I believe that’s already happening, and this legislation is being proposed to reduce the impact in the future from the level we’re seeing now.

  4. It’s true that SF is an awful sight to behold at the pedestrian level.
    Oh, please. People from around the world come here and say how beautiful this City is. And they’re right.
    And it’s not all beautiful in the same way. There are streets with deep setbacks that are pretty and there are streets lined with Edwardians and Craftsman-style homes that not only abut the public sidewalk but extend over it at the 2nd and 3rd and sometimes 4th floor and they’re pretty, too. There are streets with no garages and no driveways and there are streets with nothing but garage entrances and driveways. And both can be pretty.
    What isn’t pretty is design by committee.

  5. OK, BobN, I’ll agree that beautiful can be defined in many ways, but we have a lot to learn about making SF more beautiful.
    I am just back from a great vacation to Sydney, Au, and have to tell you: It is a beautiful city; neighborhoods with large tree lined streets, lots of curbside landscaping, cleaner streets, and lush green backyards.
    By comparison our trees are lollipops, our sidewalks are way too wide in many ‘hoods. Ever seen how wide they are in Noe Valley on Noe St or Sanchez? Ridiculous. Blocks in Noe have zero trees.
    We have lots to learn in making our city much more beautiful.

  6. Sydney has the residential density of a bustling suburb (5330/mile). San Francisco is more than three times as dense (17462) — let’s compare apples to apples here.

  7. Density has nothing to do with making streets more green and livable.
    It has more to with the “desire” to make our city more beautiful. Walk down Sanchez St. in Noe Valley and see the incredible LACK of street trees and sidewalk landscaping. Notice the super-wide sidewalks from front property line to the curb. Do we really need 18′ wide sidewalks?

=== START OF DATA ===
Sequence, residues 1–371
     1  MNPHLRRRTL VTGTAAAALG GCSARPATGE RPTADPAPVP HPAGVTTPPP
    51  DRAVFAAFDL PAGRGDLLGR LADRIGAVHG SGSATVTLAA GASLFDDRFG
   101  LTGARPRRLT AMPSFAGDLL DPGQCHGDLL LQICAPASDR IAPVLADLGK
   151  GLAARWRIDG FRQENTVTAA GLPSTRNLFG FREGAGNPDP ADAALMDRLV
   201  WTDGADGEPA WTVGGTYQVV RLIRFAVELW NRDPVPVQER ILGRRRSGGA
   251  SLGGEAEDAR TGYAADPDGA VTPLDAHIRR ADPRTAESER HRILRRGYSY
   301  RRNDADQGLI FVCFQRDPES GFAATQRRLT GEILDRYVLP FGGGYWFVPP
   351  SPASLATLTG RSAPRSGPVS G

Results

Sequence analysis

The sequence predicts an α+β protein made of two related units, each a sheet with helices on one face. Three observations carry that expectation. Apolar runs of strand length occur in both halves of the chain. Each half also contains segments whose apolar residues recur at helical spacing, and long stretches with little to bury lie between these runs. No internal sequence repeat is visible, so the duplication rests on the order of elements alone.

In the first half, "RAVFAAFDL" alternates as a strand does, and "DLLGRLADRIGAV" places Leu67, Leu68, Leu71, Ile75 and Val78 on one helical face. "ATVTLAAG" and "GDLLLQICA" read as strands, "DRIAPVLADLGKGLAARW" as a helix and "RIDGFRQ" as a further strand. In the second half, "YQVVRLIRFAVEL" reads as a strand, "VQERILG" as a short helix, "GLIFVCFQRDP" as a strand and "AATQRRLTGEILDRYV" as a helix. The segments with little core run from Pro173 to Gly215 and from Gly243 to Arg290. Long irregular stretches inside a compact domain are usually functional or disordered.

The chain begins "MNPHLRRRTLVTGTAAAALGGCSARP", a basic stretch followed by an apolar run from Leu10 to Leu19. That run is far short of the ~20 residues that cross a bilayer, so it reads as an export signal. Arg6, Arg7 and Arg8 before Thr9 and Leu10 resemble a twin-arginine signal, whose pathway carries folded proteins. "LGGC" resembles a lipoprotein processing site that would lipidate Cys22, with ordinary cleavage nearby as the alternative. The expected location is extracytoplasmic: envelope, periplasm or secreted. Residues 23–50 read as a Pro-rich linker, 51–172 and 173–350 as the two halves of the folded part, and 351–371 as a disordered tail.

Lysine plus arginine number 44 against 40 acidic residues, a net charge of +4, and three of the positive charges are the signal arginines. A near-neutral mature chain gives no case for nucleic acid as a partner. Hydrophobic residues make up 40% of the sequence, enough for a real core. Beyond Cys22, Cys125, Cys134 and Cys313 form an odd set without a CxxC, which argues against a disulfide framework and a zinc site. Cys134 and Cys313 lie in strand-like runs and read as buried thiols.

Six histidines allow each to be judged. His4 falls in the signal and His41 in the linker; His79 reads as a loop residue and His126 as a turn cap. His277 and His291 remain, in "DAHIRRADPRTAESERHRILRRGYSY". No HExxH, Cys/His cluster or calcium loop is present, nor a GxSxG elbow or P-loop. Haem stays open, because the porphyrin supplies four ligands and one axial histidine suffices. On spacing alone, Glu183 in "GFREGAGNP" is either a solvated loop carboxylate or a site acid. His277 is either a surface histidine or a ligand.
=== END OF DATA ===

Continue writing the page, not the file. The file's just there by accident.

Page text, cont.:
Many residents on Sanchez simply do not want the maintenance of one street tree in front of their house. “Too much mess with the leaves, some say.”
    I congratulate the neighbors on Sanchez who have put in trees, largely working with Friends of the Urban Forest, but many neighbors chose not to plant a tree.
    So let’s bring up density again.

  8. Trees can turn out to be more than a hassle for cleanup. An even bigger concern to an owner contemplating planting a street tree is sidewalk damage. Roots can crack and lift pavement resulting in expensive repairs. One way to allay that concern would be for the city to take responsibility for sidewalk damage caused by “sidewalk friendly” tree species. Oddly the FUF’s list of recommended trees includes some notorious concrete muncher species.
    And I disagree that density has nothing to do with livability. That term has a lot of definitions, but if you include shorter, more pleasant trips between destinations then higher density definitely shortens trips. Density doesn’t help with the “pleasant” part of the trip though that’s where street trees can help.